Misha 25 Sep 2022
In reply to Longsufferingropeholder:

Actually I’m a bit surprised, didn’t think they were that intelligent. A

 Misha 25 Sep 2022
In reply to TobyA:

I can see why neighbouring countries with small populations won’t be keen on admitting lots of young(ish) Russian men. Not least because they would end up being flooded with spies, because how could you distinguish between those fleeing the draft and GRU operatives?

 Misha 25 Sep 2022
In reply to Kalna_kaza:

On a tangent - you mentioned Belarus. I wonder if Putin’s stormtroopers would have the bandwidth to help out Lukashenko if protests kick off there again. Tsikhanouvskaya said recently that the country is on the verge but I guess she would say that. I’m not sure the Belarusian security services would be willing or able to cope without a solid backstop of Russian support like last time.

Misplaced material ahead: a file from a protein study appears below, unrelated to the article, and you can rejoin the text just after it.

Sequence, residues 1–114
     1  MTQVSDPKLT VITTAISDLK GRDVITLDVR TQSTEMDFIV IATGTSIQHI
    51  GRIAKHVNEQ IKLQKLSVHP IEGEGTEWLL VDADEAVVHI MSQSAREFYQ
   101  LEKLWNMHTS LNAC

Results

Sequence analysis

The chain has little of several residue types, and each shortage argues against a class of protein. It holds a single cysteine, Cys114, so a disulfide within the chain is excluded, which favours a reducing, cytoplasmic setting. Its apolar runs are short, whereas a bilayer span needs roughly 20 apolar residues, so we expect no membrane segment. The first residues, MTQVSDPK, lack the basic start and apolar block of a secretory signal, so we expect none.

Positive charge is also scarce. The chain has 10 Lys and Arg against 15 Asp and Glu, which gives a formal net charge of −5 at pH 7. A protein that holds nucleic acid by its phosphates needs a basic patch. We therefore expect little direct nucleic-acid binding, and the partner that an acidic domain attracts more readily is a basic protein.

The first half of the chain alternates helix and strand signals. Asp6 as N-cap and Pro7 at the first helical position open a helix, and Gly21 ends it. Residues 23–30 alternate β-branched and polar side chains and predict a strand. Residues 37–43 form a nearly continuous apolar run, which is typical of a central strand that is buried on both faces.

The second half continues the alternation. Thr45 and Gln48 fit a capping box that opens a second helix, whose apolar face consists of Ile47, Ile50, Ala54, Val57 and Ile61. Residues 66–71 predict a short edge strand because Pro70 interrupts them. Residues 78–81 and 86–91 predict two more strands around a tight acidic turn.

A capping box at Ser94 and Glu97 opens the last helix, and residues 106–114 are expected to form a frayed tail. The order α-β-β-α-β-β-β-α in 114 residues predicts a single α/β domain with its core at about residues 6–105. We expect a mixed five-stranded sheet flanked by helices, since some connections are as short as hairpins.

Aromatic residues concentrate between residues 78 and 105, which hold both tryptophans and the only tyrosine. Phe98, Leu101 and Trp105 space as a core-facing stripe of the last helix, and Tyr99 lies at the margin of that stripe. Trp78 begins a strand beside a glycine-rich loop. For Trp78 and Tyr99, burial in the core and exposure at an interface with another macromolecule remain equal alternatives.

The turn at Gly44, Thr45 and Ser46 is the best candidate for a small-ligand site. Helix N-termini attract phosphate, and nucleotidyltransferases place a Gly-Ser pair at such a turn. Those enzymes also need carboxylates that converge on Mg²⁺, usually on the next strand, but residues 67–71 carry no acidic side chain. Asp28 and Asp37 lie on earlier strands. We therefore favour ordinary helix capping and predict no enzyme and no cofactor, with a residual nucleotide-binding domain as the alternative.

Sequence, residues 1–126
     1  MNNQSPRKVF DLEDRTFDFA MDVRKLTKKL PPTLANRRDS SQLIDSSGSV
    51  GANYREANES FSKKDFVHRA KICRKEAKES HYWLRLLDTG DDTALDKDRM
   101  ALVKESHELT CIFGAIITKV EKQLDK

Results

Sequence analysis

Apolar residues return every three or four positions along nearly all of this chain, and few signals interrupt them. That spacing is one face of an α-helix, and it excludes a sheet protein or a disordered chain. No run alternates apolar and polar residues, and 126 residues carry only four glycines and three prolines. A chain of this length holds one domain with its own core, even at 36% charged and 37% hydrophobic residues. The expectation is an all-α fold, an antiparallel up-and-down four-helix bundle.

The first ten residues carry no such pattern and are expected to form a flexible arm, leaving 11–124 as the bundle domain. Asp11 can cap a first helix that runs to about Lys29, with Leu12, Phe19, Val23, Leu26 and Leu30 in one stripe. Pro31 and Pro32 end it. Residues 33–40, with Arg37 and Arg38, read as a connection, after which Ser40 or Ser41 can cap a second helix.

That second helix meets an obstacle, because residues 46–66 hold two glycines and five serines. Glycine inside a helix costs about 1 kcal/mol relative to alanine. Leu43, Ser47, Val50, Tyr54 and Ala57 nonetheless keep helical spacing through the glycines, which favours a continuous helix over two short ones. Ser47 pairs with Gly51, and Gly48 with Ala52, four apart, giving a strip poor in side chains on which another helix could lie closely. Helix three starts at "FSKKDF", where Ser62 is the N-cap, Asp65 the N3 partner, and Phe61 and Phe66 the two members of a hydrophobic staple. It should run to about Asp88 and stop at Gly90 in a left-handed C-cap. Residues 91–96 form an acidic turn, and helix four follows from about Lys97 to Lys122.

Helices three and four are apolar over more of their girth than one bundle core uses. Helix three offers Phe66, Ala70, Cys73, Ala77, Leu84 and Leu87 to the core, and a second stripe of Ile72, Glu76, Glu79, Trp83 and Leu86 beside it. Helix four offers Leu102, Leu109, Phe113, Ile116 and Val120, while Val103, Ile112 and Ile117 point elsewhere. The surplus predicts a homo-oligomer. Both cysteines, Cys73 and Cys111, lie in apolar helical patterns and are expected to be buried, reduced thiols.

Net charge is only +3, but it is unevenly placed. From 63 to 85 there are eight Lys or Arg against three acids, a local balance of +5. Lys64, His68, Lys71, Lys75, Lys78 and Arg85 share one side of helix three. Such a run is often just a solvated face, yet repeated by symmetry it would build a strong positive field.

felt 25 Sep 2022
In reply to Misha:

Jessica Berlin makes two reasonable points: "Millions of angry draft dodging Russians stuck in Russia will destabilize Russia. Millions of angry unemployed Russians stuck in the EU will destabilize the EU." and "Like it or not, this is war & Russia is targeting us. An open asylum policy for draft dodgers would let Putin pump moles & saboteurs into the EU at will. Until we have airtight security screening in place, RU draft dodgers should not be offered asylum. EU security is at stake." 

https://twitter.com/berlin_bridge

 Misha 25 Sep 2022
In reply to felt:

Indeed.

In reply to felt:

Spot on.